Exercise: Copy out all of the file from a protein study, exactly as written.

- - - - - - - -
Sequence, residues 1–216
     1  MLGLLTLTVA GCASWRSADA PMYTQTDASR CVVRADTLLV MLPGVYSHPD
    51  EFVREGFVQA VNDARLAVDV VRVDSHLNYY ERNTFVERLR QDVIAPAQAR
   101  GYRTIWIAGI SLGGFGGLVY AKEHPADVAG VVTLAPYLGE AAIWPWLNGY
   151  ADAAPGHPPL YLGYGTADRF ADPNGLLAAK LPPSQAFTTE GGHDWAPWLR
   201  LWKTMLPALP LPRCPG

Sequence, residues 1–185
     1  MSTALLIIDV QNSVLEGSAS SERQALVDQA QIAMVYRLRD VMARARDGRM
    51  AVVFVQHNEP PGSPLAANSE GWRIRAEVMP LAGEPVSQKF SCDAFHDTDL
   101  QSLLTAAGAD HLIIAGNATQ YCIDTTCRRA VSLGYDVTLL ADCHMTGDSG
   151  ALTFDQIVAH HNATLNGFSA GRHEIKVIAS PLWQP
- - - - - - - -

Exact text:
Sequence, residues 1–216
     1  MLGLLTLTVA GCASWRSADA PMYTQTDASR CVVRADTLLV MLPGVYSHPD
    51  EFVREGFVQA VNDARLAVDV VRVDSHLNYY ERNTFVERLR QDVIAPAQAR
   101  GYRTIWIAGI SLGGFGGLVY AKEHPADVAG VVTLAPYLGE AAIWPWLNGY
   151  ADAAPGHPPL YLGYGTADRF ADPNGLLAAK LPPSQAFTTE GGHDWAPWLR
   201  LWKTMLPALP LPRCPG

Sequence, residues 1–185
     1  MSTALLIIDV QNSVLEGSAS SERQALVDQA QIAMVYRLRD VMARARDGRM
    51  AVVFVQHNEP PGSPLAANSE GWRIRAEVMP LAGEPVSQKF SCDAFHDTDL
   101  QSLLTAAGAD HLIIAGNATQ YCIDTTCRRA VSLGYDVTLL ADCHMTGDSG
   151  ALTFDQIVAH HNATLNGFSA GRHEIKVIAS PLWQP